After reinventing himself with a completely revamped ensemble on Sources
(ECM, 2012), reed multi-instrumentalist Louis Sclavis expands the purviews and possibilities of his Atlas Trio by adding percussionist Keyvan Chemirani to the mix for Silk and Salt Melodies
. Sclavis has, in his 33-year career as a leaderand since coming to ECM Records in 1991 with the recording of Rouge
(1992)made a life's work of regular reinvention, both contextually in terms of lineup and stylistically through a broad cross-section of projects ranging from the fully unplugged, improv-heavy but still composition-based Acoustic Quartet
(1994) and image-inspired blend of form and freedom on Napoli's Walls
(2002), to more fully structured endeavors like Dans La Nuit
(2000), a soundtrack to Charles Vanel's silent movie of the same name.
Retitled from Atlas Trio to Louis Sclavis Quartet, the clarinetist and sometimes soprano saxophonist once again focuses exclusively on the wooden reed instrument but, if returning keyboardist Benjamin Moussay
and guitarist Gilles Coronado continue to explore broader textures with effects and/or electronic instruments, there are less sonic extremes and more emphasis on natural timbres on Silk and Salt Melodies
; even when Coronado employs a touch of distortion or a bit of reverb, it's more restrained, making the record feel more intrinsically organic. The addition of Chemirani provides a more decided pulse that frees his newfound quartet mates from having to pull double or triple duty, though every member of the group still helps propel the music forward, whether it's through Sclavis' serpentine melodies on tracks like the Middle Eastern- inflected opener, "Le parfum de l''éxil," or the similarly labyrinthine, more Indo-centric "Sel et Soie," where the composer delivers his most exhilarating bass clarinet solo of the set, driven by the remarkably expansive colors of Chemirani's zarb, a Persian goblet drum also known as tombak, donbak , dombak or tompak.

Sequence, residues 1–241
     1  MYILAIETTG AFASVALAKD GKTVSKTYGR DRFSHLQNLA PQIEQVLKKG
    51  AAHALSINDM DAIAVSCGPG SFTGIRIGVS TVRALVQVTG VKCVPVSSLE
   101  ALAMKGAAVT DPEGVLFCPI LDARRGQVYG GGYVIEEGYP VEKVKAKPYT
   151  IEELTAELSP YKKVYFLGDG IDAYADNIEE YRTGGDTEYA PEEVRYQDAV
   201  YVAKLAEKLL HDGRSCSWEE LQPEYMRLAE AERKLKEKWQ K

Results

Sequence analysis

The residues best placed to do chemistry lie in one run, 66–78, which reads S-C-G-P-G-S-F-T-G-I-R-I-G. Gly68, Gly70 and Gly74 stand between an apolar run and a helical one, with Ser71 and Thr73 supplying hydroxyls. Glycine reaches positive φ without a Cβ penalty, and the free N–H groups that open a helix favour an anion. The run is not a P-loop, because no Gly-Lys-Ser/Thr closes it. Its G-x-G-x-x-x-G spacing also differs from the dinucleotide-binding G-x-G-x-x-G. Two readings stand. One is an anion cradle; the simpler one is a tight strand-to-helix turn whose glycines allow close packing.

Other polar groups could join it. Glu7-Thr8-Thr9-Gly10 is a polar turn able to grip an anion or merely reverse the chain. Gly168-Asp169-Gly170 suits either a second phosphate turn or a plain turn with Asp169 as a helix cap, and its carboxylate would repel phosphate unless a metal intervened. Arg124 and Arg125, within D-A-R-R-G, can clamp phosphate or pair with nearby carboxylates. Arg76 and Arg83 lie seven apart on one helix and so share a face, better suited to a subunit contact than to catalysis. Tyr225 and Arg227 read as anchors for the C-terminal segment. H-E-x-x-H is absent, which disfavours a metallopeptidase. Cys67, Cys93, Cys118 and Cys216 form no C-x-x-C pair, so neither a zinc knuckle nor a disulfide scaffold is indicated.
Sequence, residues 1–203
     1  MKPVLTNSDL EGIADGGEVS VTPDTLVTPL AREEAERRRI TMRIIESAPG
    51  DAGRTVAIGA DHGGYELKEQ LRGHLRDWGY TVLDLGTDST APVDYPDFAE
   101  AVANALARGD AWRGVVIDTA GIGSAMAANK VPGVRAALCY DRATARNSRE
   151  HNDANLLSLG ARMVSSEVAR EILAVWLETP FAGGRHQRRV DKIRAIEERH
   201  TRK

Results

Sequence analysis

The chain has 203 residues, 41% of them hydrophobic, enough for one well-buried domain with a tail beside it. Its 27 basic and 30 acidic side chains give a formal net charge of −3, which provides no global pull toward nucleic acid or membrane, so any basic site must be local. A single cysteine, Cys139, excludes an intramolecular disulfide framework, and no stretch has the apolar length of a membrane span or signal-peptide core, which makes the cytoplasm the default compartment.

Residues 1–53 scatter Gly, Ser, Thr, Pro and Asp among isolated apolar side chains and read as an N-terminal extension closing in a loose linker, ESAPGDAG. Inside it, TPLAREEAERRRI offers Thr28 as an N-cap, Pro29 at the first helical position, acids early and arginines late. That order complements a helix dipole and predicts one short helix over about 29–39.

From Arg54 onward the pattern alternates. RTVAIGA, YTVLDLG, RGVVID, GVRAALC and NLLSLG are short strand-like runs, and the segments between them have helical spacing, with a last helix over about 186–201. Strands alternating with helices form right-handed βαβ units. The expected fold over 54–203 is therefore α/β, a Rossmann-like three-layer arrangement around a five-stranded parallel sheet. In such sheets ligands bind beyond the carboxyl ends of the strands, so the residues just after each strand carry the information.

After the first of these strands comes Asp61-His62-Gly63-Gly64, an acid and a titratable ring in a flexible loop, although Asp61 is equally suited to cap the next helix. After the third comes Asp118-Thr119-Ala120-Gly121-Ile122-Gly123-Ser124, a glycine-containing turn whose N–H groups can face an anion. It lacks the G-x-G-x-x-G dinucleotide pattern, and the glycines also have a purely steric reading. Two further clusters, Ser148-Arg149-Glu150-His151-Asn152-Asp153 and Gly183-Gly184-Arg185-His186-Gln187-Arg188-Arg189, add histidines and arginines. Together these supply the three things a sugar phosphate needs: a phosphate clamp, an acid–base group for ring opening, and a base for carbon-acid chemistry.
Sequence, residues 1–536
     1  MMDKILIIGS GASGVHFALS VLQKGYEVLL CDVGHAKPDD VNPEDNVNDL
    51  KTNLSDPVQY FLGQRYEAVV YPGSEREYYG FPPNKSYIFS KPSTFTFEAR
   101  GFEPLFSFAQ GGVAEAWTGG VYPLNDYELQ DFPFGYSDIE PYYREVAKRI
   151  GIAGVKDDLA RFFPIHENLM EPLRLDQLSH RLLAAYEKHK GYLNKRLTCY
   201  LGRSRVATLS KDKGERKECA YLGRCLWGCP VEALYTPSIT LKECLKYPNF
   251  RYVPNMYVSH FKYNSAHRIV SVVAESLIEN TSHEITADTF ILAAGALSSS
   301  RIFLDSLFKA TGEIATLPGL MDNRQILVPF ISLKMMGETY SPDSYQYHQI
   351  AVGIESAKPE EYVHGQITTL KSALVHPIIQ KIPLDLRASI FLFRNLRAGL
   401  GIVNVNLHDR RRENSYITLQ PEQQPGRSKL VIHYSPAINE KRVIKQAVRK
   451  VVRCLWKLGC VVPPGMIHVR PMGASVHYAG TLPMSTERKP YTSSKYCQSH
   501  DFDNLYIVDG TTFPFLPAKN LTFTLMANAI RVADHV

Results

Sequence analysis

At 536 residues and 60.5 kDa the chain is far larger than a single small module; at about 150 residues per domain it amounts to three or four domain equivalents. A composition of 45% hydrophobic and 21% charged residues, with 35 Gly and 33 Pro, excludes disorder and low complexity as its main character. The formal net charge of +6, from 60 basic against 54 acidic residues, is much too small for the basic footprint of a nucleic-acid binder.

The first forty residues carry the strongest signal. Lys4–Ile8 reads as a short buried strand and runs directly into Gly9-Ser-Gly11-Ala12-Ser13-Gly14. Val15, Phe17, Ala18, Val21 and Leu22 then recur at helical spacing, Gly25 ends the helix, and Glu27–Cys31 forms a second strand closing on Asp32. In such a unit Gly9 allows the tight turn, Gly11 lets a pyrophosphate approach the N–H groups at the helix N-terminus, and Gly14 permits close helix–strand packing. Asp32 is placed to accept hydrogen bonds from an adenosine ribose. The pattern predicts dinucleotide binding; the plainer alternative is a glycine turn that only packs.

Some composers write for the specific musicians in a group; others write music and then search for the right musicians to interpret it. In Sclavis' case, he's been on both sides of the table, but with Atlas Trio and now Louis Sclavis Quartet it's clear that his writing is intended to exploit the unequivocal strengths of his band mates and their growing chemistry. Following Sclavis' aforementioned impressive work on "Sel et Soie," Coronado takes a solo that clearly wears the influence of Bill Frisell
on his sleeve in terms of sparsity, texture and a sublime interlocking of linear phrasing with shifting harmonies, but speaks with his own voice in the less idiosyncratic, more direct approach to creating melodies that are filled with both surprise and persistent beauty. A zarb/guitar duet opens "Dance for Horses" on a more angular note, made all the more appropriate when Sclavis and Moussay enter for one the album's knottiest thematic constructs.
Sclavis' quartet has plenty of harmonic options available, given the chordal nature of two of its instruments, and the clarinetist isn't averse to exploring such opportunitiesMoussay's pianistic support of Sclavis' solo on "Dance for Horses" being redolent of Oregon
, quite paradoxically, at its most oblique and
lyrical, before the pianist takes a more driving solo bolstered by Coronado's gradually intensifying and overdriven supporting lines and Chemirani's increasingly thrusting rhythms. Still, an overriding interest in Central Asia means that Silk and Salt Melodies
relies heavily on linearity. Between the two, however, it's a heady mix that allows for music that is, in turns, unrelentingly potent and gently atmospheric.
If Sclavis' career has been marked by an ongoing desire for evolution, growth and change, it's all the more remarkable, then, that he continues to put out album after album of perpetually excellent music, performed by largely unknown musicians who regularly beg the question "where does he find them?" Whatever the answer, with Silk and Salt Melodies
, Sclavis has once again delivered an outstanding album where unfettered expressionism finds the perfect meeting place with structural constructs that continue to surprise and delight.